Cyber Immortality: Will we Download our Consciousness or Just Make a Copy?

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Instead of something that keeps our bodies alive forever, maybe the Fountain of Youth will be something that keeps our brains alive forever.

Edgy Labs explores the claim that by 2050, “brain downloads” will be possible, and what that might mean for our definition of “true self”.

To escape his dying body, Johnny Depp’s character in the 2014 film Transcendence successfully preserves his consciousness digitally, essentially living forever in the Cloud.

Instead of uploading our consciousness to the Cloud, we may be nearing the point where downloading our consciousness to a replacement body or cyborg is possible.

For you Battlestar Galactica fans out there, immortality may look more like Cylon resurrection (when one’s physical body is compromised, all of one’s thoughts, memories and experiences are backed up and downloaded on to a new cyborg body).

But, in both cases, even if downloading our consciousness becomes possible, would we actually be downloading our unique consciousness, or would we just be downloading a copy?

Brain Drain

Futurist and Chief Engineer at Google Ray Kurzweil formulated the Law of Accelerated Returns that echoes Moore’s Law, touches on the Singularity and points to a “near” future where artificial intelligence is staggeringly advance and omnipotent, and humans are immortal.

“Will our consciousness become akin to a transferable “soul”? Or we will expire inside our organic envelope anyway?”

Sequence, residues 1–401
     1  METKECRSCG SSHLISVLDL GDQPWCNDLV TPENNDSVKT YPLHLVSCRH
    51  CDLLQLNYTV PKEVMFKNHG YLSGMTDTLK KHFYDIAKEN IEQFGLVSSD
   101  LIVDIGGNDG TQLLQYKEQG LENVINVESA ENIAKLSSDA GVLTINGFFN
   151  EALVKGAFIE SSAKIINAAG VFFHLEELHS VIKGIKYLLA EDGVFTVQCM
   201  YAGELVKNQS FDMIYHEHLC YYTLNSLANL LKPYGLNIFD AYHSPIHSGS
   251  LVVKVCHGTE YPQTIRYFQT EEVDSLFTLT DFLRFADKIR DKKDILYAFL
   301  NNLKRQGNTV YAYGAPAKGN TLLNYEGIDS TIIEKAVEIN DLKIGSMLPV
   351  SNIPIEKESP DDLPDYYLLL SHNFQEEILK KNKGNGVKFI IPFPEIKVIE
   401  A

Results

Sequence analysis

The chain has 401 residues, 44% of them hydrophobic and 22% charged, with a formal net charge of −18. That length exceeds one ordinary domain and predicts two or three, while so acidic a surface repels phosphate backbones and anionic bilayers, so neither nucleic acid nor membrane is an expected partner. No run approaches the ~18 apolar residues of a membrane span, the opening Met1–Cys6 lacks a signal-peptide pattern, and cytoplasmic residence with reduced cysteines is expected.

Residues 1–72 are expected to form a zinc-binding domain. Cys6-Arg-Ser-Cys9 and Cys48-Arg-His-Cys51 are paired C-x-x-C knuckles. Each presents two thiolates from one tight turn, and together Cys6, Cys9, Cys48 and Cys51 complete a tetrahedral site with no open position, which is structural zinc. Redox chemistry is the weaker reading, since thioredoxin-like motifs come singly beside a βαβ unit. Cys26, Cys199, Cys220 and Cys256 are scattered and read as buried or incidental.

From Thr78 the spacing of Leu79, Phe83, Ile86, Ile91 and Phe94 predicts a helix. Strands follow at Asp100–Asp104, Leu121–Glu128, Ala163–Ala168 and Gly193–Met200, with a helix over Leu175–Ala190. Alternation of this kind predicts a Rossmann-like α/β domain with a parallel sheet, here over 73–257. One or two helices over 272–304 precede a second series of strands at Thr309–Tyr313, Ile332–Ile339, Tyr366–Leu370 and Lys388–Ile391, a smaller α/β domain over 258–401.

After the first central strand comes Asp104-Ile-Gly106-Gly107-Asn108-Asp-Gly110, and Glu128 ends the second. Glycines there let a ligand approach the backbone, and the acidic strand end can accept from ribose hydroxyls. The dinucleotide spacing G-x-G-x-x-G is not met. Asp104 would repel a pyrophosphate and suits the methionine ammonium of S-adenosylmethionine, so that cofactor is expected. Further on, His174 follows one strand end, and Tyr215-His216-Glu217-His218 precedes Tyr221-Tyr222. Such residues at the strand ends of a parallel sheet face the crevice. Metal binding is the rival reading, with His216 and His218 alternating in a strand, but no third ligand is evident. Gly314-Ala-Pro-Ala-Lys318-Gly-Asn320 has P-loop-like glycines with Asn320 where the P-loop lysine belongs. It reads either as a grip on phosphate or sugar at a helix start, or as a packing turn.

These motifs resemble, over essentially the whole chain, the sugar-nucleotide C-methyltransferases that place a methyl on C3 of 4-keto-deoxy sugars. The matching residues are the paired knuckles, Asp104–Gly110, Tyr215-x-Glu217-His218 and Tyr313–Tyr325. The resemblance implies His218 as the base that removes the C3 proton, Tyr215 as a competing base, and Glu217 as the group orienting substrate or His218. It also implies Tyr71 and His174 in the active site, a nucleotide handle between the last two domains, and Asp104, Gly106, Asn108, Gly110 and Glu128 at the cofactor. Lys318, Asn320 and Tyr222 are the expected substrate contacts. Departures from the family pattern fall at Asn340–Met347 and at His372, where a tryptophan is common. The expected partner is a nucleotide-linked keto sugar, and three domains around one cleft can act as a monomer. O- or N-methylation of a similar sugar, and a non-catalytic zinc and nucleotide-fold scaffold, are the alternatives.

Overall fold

According to Kurzweil, by 2045, humans will be able to transfer their mind entirely to computers and, thus, become digitally immortal. This human de-materialization via “mind-uploading” would make it possible to download a person’s mind onto a computer or hologram.

“Consciousness is just another sense, effectively, and that’s what we’re trying to design in a computer,” explains Futurologist and Mathematician Ian Pearson. In a 2005 interview with the Observer, Pearson stated that cyber immortality could be a reality by 2050 considering the current rate of advances in computing.

External Soft Drive

If we copy our consciousness and intellect to another device, would it be like moving into the machine or all we do is just creating a backup or copy of ourselves?

Will our consciousness become akin to a transferable “soul”? Or we will expire inside our organic envelope anyway?

Assuming that we can (1) someday transfer our brain and (2) we accept that idea that the downloaded brain is no longer ours, we still have the biggest piece of the puzzle to figure out: the mind itself. Thus, it is crucial for us to define what the “mind” means.

The brain, enclosing the mind, is primarily an organ designed to control a biological body whose main task is to survive. Our consciousness derives partially from our self-concept, and our self-concept is partially determined (and limited) by our biological bodies.

In other words, the brain is not a disembodied logical device. Can it, therefore, only exist and express itself through a body?

Regardless, if we’re ever to upload our brain, it is imperative to consider a compatible vessel to contain it.

 

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